Sweden resumes aid to Uganda
Posted Monday, July 28 2014 at 01:00
Kind hand. The aid will focus on reducing poverty, infant mortality and improving martenal health.
The Swedish government has resumed aid support to Uganda and announced $200 million (Shs526b) in “development strategy cooperation” for the next five years.
The package, according to the Swedish minister for International Development Cooperation, Mr Hillevi Engström, will be channelled to projects to improve child and maternal, including sexual and reproductive health and rights, sustainable growth and employment.
“Sweden wants to help create better conditions in Uganda for sustainable economic growth and development,” Mr Engström, was quoted in a statement issued by the Swedish embassy in Uganda. “This is why Swedish aid to Uganda will remain substantial,” it added.
The aid will also be channelled to other areas such as research, innovation and business sector.
The Swedish Finance minister, Mr Anders Borg, during his visit to Uganda, days after the signing of the Anti-homosexuality law early this year, announced that his country would withhold its aid because the law violates human rights. Other countries like the US, Norway and Netherlands enraged by the piece of legislation similarly reacted by pulling the plug on direct aid funding to government projects.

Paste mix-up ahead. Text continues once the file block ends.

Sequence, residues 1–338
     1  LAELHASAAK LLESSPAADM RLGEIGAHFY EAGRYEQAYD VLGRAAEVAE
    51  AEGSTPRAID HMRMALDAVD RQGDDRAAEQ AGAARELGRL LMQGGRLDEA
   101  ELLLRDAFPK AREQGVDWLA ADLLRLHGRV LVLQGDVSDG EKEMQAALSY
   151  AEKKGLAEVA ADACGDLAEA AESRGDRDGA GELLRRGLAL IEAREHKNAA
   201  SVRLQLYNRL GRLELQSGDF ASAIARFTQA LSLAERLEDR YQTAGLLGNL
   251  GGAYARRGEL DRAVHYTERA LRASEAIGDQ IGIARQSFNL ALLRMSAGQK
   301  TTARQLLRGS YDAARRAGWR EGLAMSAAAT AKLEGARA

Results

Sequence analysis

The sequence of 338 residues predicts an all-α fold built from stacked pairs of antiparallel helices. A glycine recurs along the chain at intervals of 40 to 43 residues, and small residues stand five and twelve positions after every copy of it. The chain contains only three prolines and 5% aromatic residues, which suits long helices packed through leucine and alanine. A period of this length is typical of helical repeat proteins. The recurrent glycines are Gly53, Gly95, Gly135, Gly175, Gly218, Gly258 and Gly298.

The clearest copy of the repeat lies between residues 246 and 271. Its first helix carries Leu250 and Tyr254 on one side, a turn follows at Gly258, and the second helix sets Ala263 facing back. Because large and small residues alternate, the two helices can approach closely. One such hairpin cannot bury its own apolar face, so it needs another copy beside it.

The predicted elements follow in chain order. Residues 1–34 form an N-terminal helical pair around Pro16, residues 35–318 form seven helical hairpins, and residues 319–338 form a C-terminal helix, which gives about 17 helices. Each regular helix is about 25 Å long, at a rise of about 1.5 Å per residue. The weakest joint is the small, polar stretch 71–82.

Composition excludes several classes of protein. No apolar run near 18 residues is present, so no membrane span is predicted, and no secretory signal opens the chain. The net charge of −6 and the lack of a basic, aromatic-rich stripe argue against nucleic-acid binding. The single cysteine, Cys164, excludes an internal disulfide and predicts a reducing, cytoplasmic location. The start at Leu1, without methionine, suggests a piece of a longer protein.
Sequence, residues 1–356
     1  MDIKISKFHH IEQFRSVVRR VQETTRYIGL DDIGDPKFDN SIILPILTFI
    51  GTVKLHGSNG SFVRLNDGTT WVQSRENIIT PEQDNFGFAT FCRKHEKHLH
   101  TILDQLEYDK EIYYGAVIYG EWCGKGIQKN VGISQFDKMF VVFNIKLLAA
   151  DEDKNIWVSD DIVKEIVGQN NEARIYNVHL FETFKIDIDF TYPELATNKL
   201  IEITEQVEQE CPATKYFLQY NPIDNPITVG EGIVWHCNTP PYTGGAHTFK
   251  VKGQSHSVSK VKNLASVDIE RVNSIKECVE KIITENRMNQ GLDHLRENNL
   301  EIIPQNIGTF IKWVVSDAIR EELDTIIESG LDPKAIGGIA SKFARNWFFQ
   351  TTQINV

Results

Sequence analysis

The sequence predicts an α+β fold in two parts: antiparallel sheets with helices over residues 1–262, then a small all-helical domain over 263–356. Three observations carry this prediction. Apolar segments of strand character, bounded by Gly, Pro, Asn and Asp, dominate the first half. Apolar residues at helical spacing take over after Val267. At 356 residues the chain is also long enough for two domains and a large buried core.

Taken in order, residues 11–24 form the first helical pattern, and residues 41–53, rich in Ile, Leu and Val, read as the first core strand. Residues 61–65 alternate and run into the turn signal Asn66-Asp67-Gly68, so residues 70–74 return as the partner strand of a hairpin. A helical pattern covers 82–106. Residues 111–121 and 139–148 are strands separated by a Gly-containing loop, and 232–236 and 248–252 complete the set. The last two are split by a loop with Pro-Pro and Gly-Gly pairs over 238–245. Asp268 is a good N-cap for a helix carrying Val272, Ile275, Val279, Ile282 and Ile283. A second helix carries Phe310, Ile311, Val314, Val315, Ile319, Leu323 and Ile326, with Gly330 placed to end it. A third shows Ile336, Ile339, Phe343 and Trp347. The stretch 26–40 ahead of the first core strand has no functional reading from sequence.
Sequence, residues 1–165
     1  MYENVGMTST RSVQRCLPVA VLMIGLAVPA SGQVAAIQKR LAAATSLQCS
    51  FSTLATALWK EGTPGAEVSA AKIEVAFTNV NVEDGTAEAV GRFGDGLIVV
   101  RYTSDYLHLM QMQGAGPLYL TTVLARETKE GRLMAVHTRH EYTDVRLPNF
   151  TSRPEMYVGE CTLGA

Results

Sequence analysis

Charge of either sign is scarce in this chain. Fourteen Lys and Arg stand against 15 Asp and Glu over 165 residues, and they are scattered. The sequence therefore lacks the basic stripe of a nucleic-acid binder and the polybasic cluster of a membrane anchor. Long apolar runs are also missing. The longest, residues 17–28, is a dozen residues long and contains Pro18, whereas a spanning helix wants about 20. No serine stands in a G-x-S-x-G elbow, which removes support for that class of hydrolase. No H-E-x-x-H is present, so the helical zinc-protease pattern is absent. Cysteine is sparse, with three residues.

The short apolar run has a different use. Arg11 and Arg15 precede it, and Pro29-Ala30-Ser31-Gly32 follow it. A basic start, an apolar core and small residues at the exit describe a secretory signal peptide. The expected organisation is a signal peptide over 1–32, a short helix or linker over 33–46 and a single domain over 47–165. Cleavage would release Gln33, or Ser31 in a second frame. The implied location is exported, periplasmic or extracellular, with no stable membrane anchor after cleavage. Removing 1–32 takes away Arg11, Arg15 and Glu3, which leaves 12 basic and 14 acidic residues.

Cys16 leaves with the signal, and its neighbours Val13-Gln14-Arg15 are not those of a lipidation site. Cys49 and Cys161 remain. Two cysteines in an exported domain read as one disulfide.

Stung by the withdrawal of aid by partner countries, the government recently also issued statement clarifying on the law saying it was “misunderstood”.
“Its enactment has been misinterpreted as a piece of legislation intended to punish and discriminate against people of a ‘homosexual orientation’, especially by our development partners,” the government said in the statement.
“Uganda reaffirms that no activities of individuals, groups companies or organisations will be affected by the act,” the statement said.
In the latest communication, however, Mr Engström, said his government “continues to support human rights and freedom from violence.” He however, announced that, Sweden’s development cooperation with Uganda following past events “will change.”
The focus, according to the statement, will now be on reducing poverty, reducing infant mortality and improving maternal health and broadening cooperation, especially with civil society and the private sector to ensure than the “prospects of making a difference in meeting the most crucial challenges in Uganda are increased.”
More than 74 Ugandan students have been awarded Master’s Programme scholarships by the Swedish Institute to undertake their studies in different Swedish universities.
The scholarships cover all expenses, including international air passages and a monthly stipend.
Speaking at an Alumni Networking event at his residence on Elizabeth Avenue in Kololo, a Kampala suburb, the Swedish ambassador to Uganda, Urban Anderson, said that the influx of foreign students and researchers from Uganda and elsewhere to Sweden is necessary for his country to keep her levels of excellence.
“Our dependence on trade requires that we work hard to ensure healthy, respectful relations with partners across the globe. At the same time, this fosters the climate of openness to new ideas that will continue to make Sweden an innovative hub and in these efforts we want to partner with Uganda.”